The band he cultivated while former UT cosongwriter Jeff Tweedy nurtured his Wilco has birthed an admirably multitextured new CD, The Search (Sony/BMG), full of songs seeking insight amid post-9/11 wartime ("The Picture"), soullessness ("Automatic Society"), drugs ("Methamphetamine"), and other trad forms of escape ("Highways and Cigarettes").
"I probably read too much current events in the paper," Farrar, 40, says from St. Louis. "And some of those topical issues do find a way into the writing. 'The Picture' is a song like that. There's a line 'War is profit / Profit is war,' and that's kind of being borne out by companies like Haliburton moving to the Middle East where the money is being made."
The title song seemed to best tie together his thoughts about this moment. "I mean, I didn't want to call it Methamphetamine!" he says, gracefully allowing that, yup, Uncle Tupelo once lived together, subsisting on ramen, and contrary to rumor, their house did not have dirt floors.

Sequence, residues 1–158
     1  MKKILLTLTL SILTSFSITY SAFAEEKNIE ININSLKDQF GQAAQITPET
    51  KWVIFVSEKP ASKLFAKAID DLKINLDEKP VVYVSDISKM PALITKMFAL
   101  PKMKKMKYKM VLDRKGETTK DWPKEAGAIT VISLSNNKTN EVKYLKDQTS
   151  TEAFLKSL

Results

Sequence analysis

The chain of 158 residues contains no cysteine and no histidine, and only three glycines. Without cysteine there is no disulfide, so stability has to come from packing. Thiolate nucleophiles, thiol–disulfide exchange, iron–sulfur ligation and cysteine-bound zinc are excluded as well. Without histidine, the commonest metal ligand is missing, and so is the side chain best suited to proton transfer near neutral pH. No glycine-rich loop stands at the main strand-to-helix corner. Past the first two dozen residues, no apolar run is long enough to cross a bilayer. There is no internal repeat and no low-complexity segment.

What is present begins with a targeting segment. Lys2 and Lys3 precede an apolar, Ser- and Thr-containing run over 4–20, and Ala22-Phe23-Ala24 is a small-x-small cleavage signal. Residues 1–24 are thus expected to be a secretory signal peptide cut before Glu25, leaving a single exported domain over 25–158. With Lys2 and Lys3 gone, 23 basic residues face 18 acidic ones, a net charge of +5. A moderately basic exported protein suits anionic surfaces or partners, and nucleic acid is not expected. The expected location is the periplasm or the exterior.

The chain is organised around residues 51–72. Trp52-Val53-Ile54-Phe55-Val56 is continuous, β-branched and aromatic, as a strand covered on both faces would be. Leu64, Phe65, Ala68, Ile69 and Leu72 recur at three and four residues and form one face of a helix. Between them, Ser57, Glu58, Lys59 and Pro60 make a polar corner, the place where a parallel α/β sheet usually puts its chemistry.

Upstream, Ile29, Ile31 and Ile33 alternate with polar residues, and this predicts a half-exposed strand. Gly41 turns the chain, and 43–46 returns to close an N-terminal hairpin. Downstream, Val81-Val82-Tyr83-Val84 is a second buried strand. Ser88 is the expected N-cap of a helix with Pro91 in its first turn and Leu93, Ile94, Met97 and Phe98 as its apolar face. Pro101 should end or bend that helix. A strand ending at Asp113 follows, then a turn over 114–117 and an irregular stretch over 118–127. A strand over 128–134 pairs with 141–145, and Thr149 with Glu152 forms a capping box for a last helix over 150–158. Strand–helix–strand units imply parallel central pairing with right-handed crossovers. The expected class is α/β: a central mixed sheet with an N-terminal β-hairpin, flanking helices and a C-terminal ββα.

Farrar isn't working "Handy Man" territory yet, but it's safe to say his partying days are behind him. He's currently reading S.T.P.: A Journey Through America with the Rolling Stones, about the band's somewhat infamous 1972 tour, though not for inspiration for his own travels. "Heh-heh, it can definitely be used as a reference point. I think most people who have done as much touring as I have tend to get that out of the way the first couple years. Eventually, you find rhythm that works."
What's working for him now is playing with a band, a new lineup that includes keyboardist Derry deBorja, who can replicate everything from a banjo to a flute. "I guess having a band," Farrar says with no little irony, "is the one true way to make sure that no one mistakes you for someone that came from American Idol." *
GRASS ROOTS RECORD CO. SONGWRITERS REVUE
Fri/30, 7 p.m., $5 suggested donation
2318 Telegraph, Oakl.
With Spindrift and Assemble Head in Sunburst Sound
Sat/31, 9 p.m., $12 advance
Hwy. 1, Big Sur
Fri/30, 9 p.m., $25
1805 Geary, SF